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June 26, 1996


The opinion of the court was delivered by: LIFLAND


 LIFLAND, District Judge

 Rarely is a judge confronted with a paradigmatic case for the application of the doctrine of judicial estoppel. The extraordinary facts of this case, where defendant has admitted to lying in order to manipulate the legal process, present just such a situation.


 On March 1, 1992, in South Brunswick, New Jersey, plaintiff, Jorge Carnero, was rear-ended in his automobile by a truck rented by defendant Kimberly Deitert. Plaintiff originally sued Budget Rent-a-Car and Deitert in New York. By stipulation, that case was dismissed against Deitert without prejudice on June 8, 1993. Subsequently, on February 22, 1994, plaintiff filed a complaint against Deitert with this Court, claiming negligence and seeking damages.

 At the time of the accident, defendant Deitert told the police that she had been driving the truck that struck plaintiff's vehicle. She pled guilty in the Municipal Court to careless driving and paid a $ 50.00 fine. Seplowe Aff. Ex. G. She also indicated to her rental car company that she had been driving the truck and that Richard Hoelzel had been a passenger at the time of the accident. Id. Ex. D. In connection with a motion before the New York court, Deitert averred by affidavit on January 25, 1993 that she was operating the rental truck at the time of the accident. Id. Ex. F, Affidavit of Kimberly Deitert, January 25, 1993, P 5. Her Answer to the New York complaint also admitted that she had been operating the truck. Id. Ex. A. However, her Answer to the Complaint filed in this action denies that she was the driver. Answer at P 5.

 On February 24, 1995, in a letter to the Middlesex County Arbitration Administrator in connection with a related case to which plaintiff here is not a party, which letter was copied to Carnero's counsel, counsel for defendant Deitert stated that "Kimberly Deitert has advised this office that she was not driving the truck, which was rented from Budget Rent-A-Car, and Richard Hoelzel was driving." Def. Ex. 1. At her deposition on September 19, 1995, Deitert also denied that she had been driving the truck. She claimed that she had lied about being the driver in order to protect her boyfriend, Richard Hoelzel, who had been driving without a license or authorization in the rental agreement. Seplowe Aff. Ex. F at 20-21. Deitert has submitted an affidavit from Richard Hoelzel stating that he was driving at the time of the accident. Def. Ex. 2. He avers: "After the accidence [sic], I pulled the Isuzu over to the side of the road and Ms. Deitert and I exchanged positions in the vehicle before anyone noticed. As I was not a registered driver nor was I authorized to drive the Isuzu pursuant to the rental agreement, we exchanged positions." Id. This affidavit does not provide Hoelzel's address and is not notarized. Furthermore, the original has not been filed with the Court.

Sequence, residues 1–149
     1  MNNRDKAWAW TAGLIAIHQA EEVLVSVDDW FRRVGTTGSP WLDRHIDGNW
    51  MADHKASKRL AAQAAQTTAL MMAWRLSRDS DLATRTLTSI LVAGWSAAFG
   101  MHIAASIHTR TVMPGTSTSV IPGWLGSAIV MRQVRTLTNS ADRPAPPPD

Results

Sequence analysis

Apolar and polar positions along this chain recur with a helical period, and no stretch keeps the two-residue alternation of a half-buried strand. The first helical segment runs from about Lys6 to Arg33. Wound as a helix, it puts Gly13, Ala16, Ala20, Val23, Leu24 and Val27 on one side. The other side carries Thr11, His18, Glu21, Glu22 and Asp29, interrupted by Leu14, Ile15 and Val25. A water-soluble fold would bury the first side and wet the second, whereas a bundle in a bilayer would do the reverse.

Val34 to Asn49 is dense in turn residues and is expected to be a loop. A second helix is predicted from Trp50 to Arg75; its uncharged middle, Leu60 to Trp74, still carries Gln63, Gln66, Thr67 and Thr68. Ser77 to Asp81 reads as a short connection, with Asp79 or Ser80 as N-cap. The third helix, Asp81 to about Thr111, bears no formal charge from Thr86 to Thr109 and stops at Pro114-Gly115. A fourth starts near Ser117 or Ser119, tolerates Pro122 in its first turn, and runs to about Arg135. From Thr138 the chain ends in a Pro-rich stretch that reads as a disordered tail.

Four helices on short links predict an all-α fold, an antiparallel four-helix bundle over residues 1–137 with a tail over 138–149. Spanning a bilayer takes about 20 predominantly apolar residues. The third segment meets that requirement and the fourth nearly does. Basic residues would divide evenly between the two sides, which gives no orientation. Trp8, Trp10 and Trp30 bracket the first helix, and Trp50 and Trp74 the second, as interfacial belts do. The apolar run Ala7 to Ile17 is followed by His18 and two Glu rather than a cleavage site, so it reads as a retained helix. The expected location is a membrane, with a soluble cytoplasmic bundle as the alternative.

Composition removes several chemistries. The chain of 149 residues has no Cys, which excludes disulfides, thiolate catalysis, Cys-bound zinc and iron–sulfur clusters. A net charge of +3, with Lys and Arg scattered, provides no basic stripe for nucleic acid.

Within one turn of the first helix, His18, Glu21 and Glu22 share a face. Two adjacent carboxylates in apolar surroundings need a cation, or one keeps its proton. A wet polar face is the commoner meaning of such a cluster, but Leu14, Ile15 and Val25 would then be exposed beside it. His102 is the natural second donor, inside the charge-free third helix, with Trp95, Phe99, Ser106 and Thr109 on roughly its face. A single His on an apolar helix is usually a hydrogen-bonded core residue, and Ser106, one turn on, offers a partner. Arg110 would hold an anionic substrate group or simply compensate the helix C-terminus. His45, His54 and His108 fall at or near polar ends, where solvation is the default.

Carnero now moves for summary judgment as to liability. He argues that Deitert should be judicially estopped from claiming that she was not driving the truck at the time of the accident. Carnero contends that, in light of Deitert's plea of guilty to careless driving and her New York affidavit and Answer, she should be found liable for negligence as a matter of law and summary judgment on liability should be entered in Carnero's favor. For the reasons set forth below, the Court agrees and will grant summary judgment against Deitert on liability.



 Over a three-year period, Deitert repeatedly stated, and swore, that she had been driving the truck at the time it struck plaintiff's car. Now she wishes to change her story, purportedly to make right her previous, and successful, *fn1" attempt at fraud. By her own admission, Deitert's sole motivation was to mislead the Municipal Court and the New York District Court as to her true role (and the true role of Hoelzel) in the accident. Applying the doctrine of judicial estoppel, the Court will not permit Deitert to change her story.

 The Third Circuit recently elaborated upon the contours of judicial estoppel in Ryan Operations G.P. v. Santiam-Midwest Lumber Co., 81 F.3d 355 (3d Cir. 1996). The court presented the general purpose of the doctrine as follows:


Judicial estoppel, sometimes called the "doctrine against the assertion of inconsistent positions," is a judge-made doctrine that seeks to prevent a litigant from asserting a position inconsistent with one that she has previously asserted in the same or in a previous proceeding. It is not intended to eliminate all inconsistencies, however slight or inadvertent; rather, it is designed to prevent litigants from "playing 'fast and loose with the courts.'" Scarano v. Central R. Co. of New Jersey, 203 F.2d 510, 513 (3d Cir. 1953) (citation omitted).